Department of Near Eastern Languages and Cultures
Middle Eastern and Islamic Studies Program
Modern Hebrew Literature in English/Hebrew- N588/N687

Course Description
The course is intended to acquaint students with the chief issues, forms and writers of modern Hebrew literature active in the first half of the twentieth century. L380/ N588 carries foreign language culture option credit and does not require or assume any previous acquaintance with Hebrew or Hebrew literature. However, L480 / N687 assumes an ability to read and comprehend advanced Hebrew literary texts.

Readings will consist primarily of representative short stories and a novel. Some selections of poetry, when assigned, will be read in class. The primary purpose of the readings will be to introduce students to the culture of the shtetl, the small east European Jewish hamlet. We will be exploring the way in which literature responds and reflects major historical events in the Jewish experience of the early twentieth century. In that regard, we shall explore the many forces prompting the protagonists' rebellion against that way of life with its insular piety. Yet, having abandoned the ways and values of the shtetl, the youth of those days are depicted as being left with the burden of seeking out new roots and finding a meaning for their lives.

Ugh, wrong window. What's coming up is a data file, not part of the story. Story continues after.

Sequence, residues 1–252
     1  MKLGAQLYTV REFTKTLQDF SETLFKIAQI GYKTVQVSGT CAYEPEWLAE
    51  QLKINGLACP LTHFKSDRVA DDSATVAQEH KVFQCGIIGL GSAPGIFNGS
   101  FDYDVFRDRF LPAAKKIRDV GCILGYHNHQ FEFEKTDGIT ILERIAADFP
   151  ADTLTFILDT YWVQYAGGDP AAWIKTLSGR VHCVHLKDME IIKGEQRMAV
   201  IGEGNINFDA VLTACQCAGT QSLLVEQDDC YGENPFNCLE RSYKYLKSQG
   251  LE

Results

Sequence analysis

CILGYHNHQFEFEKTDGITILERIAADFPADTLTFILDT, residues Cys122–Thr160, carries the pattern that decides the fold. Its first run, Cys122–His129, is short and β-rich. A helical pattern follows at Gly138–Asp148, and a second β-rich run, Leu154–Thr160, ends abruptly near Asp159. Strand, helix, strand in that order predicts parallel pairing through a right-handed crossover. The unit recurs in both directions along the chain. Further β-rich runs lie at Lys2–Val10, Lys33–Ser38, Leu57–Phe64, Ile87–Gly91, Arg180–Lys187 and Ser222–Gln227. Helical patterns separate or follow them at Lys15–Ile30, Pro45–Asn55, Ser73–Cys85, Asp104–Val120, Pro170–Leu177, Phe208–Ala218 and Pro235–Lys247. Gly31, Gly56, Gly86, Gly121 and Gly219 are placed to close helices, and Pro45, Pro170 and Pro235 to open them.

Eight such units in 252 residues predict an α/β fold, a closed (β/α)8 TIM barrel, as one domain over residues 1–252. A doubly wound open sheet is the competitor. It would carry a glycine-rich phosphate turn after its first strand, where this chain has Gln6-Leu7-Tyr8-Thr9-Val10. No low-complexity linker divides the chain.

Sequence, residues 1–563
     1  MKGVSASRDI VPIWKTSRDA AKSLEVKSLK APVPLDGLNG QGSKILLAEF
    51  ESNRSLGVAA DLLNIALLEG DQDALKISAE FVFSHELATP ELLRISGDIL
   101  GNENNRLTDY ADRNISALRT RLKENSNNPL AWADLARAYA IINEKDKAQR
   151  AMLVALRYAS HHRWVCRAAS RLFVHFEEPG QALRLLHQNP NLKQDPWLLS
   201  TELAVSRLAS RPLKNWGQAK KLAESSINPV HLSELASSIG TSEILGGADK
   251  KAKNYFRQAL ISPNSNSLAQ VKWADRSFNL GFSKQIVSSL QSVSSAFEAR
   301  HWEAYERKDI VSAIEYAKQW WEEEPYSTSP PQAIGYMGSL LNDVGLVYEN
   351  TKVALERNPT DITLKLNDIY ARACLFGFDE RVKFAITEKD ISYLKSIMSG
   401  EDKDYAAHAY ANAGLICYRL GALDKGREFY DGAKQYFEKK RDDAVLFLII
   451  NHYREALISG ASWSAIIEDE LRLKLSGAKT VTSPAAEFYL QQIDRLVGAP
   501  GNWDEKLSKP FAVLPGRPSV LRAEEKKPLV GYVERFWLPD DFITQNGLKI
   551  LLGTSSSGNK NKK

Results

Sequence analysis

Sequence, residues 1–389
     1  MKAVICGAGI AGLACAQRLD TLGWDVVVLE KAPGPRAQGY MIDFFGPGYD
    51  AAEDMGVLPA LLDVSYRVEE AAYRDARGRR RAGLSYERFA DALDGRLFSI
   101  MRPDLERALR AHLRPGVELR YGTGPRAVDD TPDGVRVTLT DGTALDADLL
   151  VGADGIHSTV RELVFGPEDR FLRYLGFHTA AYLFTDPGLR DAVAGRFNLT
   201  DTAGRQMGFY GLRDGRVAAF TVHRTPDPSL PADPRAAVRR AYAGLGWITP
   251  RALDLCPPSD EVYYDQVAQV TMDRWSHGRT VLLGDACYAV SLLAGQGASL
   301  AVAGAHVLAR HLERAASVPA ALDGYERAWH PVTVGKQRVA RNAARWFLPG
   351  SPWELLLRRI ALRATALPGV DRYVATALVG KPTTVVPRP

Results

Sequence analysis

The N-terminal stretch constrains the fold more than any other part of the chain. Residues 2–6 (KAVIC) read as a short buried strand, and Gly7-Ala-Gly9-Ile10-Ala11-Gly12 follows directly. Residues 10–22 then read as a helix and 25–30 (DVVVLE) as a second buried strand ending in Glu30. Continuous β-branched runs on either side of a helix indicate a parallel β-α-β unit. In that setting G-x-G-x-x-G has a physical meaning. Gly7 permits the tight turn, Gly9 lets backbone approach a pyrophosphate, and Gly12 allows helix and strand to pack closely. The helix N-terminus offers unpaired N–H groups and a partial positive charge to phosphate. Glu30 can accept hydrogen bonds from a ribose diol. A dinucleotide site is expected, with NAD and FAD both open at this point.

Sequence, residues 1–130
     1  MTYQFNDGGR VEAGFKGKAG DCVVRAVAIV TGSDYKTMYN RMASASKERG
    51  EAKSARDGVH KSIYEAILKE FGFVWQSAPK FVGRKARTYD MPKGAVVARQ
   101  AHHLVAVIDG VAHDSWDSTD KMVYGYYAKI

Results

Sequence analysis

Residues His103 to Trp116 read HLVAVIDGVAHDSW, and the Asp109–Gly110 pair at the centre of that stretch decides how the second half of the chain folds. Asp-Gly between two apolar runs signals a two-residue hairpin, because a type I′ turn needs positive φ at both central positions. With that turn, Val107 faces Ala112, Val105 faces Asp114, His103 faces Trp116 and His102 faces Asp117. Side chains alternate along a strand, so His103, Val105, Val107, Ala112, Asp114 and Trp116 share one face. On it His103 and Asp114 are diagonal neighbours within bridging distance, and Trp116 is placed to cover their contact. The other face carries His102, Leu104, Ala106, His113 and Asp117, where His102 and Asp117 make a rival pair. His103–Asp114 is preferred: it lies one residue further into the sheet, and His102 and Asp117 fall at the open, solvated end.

Under the phenomenon of this large cultural transformation, as we shall see, Hebrew literature had to contend with and give expression to the most central events and themes of modern times affecting Jewish life: the loss of innocence and tradition in a modern, secular, world; nationalism; the Holocaust; the rebirth of Israel; wars, peace and the individual; the image of the new Israeli.

Grades will be based on a minimum of four writing assignments to be done outside of class as well as at least one in class may serve as the final. An optional paper will be made available to those wishing to do extra credit work.